Animal Conservation

Sikkim declares ‘Copper Mahseer’ its state fish in hopes of tackling illegal fishing practices | The Weather Channel – Articles de The Weather Channel

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(IANS)

Sikkim government declared endangered Neolissochilus hexagonolepis, commonly known as Chocolate or Copper Mahseer and locally referred to as Katley, as the “State Fish”.

The name Chocolate Mahseer was given due to the morphological color of the body of this fish. The ICAR-National Bureau of Fish Genetic Resources (ICAR-NBGR), Lucknow, had classified Katley as an “endangered species” in 1992. Much later, in 2014, it was classified as “endangered” even by the world conservation body, the International Union for Conservation of Nature (IUCN).

In India, the Katleys are mainly found in the Himalayas, particularly in the northeastern states of Arunachal Pradesh, Sikkim, and Nagaland. In Sikkim, the Katleys are found at various elevations covering the entire state, mostly confined to the Teesta and Rangit rivers and their tributaries. There are up to 48 species native to Mahseer in Sikkim, an official said.

Katley migrates upstream for breeding, and spawning takes place on rocks and gravel. Spawning occurs April through October, peaking August through September. Fish fecundity is 3,500 per kilogram of body weight. The maximum growth and length of Katley fish recorded weigh 11 kg and 120 cm, respectively, “said the recent notification from the Fisheries Directorate of the Department of Livestock and Veterinary Services of Sikkim.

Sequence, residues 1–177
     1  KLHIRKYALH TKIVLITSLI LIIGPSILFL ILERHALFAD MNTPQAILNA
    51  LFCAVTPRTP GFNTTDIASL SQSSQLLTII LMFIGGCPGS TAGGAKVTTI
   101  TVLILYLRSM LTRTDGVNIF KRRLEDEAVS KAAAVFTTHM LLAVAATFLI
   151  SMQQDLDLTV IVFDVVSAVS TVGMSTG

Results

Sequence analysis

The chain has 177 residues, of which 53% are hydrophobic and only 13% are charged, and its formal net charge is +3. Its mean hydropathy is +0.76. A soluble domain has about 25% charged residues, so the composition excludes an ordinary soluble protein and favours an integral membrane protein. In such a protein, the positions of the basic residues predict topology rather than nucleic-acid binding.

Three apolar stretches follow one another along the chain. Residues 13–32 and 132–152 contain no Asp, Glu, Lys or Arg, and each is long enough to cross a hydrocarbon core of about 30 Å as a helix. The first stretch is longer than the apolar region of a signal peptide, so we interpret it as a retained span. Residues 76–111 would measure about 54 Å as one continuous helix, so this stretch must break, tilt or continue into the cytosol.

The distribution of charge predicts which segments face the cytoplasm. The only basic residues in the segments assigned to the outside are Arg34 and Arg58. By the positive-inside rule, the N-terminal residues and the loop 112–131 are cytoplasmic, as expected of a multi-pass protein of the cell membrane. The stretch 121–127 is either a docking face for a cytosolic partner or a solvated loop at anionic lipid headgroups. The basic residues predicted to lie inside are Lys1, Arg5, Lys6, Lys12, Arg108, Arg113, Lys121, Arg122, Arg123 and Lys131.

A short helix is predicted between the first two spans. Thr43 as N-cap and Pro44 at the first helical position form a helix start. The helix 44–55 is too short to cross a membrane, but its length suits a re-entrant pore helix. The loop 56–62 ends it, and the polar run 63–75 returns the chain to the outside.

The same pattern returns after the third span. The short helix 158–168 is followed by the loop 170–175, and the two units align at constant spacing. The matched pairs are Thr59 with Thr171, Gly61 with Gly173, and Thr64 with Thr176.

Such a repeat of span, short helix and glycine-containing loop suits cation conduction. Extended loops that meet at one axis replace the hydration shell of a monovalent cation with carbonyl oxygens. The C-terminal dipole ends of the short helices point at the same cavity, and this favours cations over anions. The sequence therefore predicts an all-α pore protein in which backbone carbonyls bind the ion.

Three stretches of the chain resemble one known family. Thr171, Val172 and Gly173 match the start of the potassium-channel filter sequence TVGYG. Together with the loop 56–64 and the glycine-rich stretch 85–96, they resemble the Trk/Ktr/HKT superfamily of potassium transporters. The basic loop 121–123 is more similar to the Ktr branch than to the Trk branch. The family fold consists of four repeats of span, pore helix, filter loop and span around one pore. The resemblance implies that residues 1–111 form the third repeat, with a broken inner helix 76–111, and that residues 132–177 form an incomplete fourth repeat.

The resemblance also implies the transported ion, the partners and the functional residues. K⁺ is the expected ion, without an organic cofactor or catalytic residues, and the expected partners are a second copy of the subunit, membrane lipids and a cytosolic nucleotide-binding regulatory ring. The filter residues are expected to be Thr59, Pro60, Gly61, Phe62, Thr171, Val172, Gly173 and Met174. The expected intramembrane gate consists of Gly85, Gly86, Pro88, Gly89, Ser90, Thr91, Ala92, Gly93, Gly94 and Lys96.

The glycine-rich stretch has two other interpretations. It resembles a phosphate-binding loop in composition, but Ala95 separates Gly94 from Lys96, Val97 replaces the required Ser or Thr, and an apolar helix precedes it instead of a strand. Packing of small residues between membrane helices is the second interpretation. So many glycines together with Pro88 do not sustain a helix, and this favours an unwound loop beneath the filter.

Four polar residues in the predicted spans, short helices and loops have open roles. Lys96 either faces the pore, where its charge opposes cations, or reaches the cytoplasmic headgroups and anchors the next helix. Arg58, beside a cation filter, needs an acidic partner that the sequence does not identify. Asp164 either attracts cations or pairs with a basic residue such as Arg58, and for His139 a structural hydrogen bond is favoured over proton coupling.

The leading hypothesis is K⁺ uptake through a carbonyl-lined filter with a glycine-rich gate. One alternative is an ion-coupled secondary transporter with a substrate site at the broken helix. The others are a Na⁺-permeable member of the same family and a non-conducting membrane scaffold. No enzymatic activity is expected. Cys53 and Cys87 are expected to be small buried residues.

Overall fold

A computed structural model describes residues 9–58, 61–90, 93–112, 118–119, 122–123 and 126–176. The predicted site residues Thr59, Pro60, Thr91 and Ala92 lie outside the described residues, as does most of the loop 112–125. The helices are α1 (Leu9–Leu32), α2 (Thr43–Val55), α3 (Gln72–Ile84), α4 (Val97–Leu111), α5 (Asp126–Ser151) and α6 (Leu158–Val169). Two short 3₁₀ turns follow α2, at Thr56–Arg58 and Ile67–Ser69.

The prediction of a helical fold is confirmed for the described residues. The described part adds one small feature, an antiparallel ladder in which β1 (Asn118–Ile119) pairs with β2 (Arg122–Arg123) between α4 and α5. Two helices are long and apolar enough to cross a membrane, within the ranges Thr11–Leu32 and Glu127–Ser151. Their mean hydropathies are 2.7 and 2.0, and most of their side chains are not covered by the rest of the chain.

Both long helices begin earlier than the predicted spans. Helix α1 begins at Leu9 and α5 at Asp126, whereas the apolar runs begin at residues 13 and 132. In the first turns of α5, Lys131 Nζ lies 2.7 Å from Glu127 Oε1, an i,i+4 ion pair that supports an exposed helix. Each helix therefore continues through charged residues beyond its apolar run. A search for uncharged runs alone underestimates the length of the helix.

“The Katley is the most sought after fish by fishermen in the state because the fish has a high consumer demand and a relatively high market value,” says the notification (number 780 / Fish) of August 26, published in the Sikkim Government Gazette (Extraordinary) September 2.

This aspect of the fishery and its market value have raised concerns about the future of “endangered” fish. Because, in addition to declaring the Copper Mahseer as a state fish, the Sikkim government has also declared that the state’s reservoirs will be open for fishing activities, according to another notification on August 19.

“A license will be issued by the Fisheries Directorate to individual fishermen or fishermen’s cooperative societies or SHGs interested in fishing in the reservoirs in accordance with existing arrangements under the Sikkim Fishing Rules, 1990,” he said.

However, environmentalists questioned whether the move was aimed at ensuring conservation or the livelihoods of fishermen and food for fish lovers.

The Director of Fisheries, N. Jaswant, argued that the measure had been taken to legalize fishing activities. “There was a lot of illegal fishing going on. Fishermen used electric current to kill fish etc. A random sample survey has shown us that there has been an almost 25-40% reduction in fish over the past decade.

He said the notification to declare this fish as a state fish will help keep the fish in rivers and ensure that the supply of the most popular fish is not disrupted.

“We will ensure that the SOPs set by ICAR are followed. Reservoir and cage fishing will increase the numbers, and we will also send them to the river.”

There are more than two dozen hydroelectric projects, completed, under construction and proposed across Sikkim. Fish habitats are disturbed by such infrastructure developments, especially dams / reservoirs for power generation which divert rivers and affect the natural flow and depth of water in a given river channel. The Mahseers must travel upstream during the breeding season, and physical structures such as dams hinder this movement.

Allaying fears, the Sikkim government official said many new dams have fish ladders in their designs. “We will be inspecting the existing dams to see if they can be upgraded to the same layout.”

Jaswant said the government recently changed Sikkim’s fishing rules and will soon amend Sikkim’s fisheries law, which he said will allow the ministry to “take legal action” against those who fail. engage in illegal fishing.

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The above article was published by a news agency with minimal title and text changes.

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